That was the reason I initially mentioned the problems with the Wilderness Act as I think this a predictable and unavoidable outcome when you force a new ethic onto an existing/historical framework. There is nothing simple, clean or "rational" when it comes to competing stakeholder values and experiences. I have become extremely wary, skeptical and outright resistant to organizations that try to sweep that complexity under the rug and foster what I have come to believe is an inaccurate and untenable narrative. I see it as fundamentally dishonest and it often uses the very political machinations they deride.

I think Randdaddy attempted to sidestep this and start a new conversation and I fear my response played into derailing that potential. Taking the conversation out of the other thread and starting a conversation is admirable and shows a willingness to hear other sides. I obviously have an position that conflicts with the politicking of some but by no means do I need to invalidate those who experience the river differently than I. Despite my views I can still have sympathy for those who outcomes are not met, even if its by stakeholders I defend. Sorry if that is not always obvious.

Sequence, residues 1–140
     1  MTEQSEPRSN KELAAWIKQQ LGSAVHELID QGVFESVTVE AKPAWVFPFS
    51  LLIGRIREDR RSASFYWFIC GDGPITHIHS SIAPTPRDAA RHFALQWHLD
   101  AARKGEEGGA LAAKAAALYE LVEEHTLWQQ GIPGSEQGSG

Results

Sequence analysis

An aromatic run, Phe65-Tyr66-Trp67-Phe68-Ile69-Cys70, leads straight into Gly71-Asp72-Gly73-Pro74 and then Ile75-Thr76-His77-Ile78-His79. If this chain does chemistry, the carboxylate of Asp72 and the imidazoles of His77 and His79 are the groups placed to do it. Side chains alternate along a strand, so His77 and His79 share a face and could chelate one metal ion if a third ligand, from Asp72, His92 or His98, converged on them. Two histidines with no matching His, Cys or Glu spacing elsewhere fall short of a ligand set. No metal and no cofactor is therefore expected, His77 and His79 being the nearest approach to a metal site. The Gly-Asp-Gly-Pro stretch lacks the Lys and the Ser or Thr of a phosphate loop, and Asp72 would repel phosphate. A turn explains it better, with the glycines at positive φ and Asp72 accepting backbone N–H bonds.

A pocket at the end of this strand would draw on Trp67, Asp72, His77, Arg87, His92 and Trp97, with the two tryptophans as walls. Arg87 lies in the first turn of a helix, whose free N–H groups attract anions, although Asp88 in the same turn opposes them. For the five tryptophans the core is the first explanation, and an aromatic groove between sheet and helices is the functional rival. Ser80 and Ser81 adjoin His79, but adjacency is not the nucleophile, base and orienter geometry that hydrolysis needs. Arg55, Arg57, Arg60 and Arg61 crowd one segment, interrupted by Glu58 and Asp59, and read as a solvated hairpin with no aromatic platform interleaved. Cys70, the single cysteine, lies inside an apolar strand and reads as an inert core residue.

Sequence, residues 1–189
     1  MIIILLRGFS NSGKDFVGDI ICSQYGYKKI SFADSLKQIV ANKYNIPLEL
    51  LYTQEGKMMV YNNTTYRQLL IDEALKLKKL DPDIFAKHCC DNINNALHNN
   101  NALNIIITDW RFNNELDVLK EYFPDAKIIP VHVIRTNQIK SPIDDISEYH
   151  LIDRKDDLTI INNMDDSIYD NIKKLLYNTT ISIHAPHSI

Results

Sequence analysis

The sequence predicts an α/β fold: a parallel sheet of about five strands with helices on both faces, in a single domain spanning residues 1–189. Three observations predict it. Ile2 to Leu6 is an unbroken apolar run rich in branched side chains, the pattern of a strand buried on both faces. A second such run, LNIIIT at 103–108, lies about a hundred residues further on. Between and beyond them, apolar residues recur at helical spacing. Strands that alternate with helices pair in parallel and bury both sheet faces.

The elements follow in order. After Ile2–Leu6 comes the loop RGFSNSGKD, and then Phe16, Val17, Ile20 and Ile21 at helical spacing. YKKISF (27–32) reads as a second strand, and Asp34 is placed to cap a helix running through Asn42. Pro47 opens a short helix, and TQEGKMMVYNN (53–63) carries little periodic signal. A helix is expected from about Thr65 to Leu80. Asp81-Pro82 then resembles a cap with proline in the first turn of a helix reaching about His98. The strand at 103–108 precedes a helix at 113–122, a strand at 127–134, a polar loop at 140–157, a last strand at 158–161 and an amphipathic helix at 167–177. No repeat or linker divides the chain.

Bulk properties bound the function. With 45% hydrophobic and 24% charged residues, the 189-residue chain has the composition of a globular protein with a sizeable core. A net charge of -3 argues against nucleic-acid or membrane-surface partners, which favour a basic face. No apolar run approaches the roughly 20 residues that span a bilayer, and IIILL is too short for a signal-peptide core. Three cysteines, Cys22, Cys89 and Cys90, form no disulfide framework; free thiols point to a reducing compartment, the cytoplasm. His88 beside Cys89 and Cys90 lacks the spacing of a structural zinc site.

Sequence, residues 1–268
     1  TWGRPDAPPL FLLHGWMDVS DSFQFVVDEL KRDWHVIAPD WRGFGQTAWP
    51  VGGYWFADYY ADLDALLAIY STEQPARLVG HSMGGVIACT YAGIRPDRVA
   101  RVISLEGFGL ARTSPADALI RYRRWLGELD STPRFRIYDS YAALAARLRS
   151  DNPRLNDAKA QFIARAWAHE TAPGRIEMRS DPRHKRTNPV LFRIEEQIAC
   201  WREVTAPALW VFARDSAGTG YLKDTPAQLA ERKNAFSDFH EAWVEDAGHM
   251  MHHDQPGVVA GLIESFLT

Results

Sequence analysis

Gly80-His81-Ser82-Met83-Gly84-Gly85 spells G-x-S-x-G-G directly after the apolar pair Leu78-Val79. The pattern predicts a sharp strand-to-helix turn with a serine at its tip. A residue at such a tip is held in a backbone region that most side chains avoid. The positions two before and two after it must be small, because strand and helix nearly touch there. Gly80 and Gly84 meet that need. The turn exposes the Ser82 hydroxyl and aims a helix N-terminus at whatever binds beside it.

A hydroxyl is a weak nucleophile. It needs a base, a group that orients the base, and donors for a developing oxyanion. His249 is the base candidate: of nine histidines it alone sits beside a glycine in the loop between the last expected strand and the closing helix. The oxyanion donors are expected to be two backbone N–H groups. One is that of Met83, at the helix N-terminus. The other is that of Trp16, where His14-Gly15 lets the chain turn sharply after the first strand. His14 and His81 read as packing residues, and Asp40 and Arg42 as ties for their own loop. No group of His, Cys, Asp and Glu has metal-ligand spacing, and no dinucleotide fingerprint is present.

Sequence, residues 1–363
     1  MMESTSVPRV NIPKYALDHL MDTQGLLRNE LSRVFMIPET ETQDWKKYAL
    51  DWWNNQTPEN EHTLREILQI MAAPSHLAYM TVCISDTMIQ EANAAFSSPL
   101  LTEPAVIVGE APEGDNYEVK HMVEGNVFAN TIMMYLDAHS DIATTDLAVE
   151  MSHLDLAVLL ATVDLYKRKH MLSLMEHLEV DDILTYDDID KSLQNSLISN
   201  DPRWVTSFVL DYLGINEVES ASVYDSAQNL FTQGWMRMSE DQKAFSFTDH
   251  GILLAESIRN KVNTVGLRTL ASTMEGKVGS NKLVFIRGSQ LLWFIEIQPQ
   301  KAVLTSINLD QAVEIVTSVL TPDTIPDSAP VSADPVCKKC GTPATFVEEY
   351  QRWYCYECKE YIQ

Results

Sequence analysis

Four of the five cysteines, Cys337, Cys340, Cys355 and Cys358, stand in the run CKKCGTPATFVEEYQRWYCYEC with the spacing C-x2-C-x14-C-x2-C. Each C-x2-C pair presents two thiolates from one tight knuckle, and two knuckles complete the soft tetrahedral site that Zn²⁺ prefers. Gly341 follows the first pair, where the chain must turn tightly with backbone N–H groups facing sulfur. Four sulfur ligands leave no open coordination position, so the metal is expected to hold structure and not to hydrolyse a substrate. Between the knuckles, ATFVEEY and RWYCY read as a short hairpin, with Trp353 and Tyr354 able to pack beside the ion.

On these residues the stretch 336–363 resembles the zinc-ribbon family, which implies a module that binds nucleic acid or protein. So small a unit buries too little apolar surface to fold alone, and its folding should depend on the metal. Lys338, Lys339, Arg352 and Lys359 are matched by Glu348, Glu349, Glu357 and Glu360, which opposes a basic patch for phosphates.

Phillip
 

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Just personal preference, I would prefer no motors in the Grand Canyon or on 99% of all rivers.

One major exception is Cataract. As someone who has rowed out on the lake three times, I can say for a fact that trip is infinitely better with a motor. In the future I will always choose motors on Cat if given the opportunity.

Which leads me to my personal philosophy - no motors on rivers, but motors are ok on lakes/reservoirs. It's arbitrary, but I'm comfortable with it.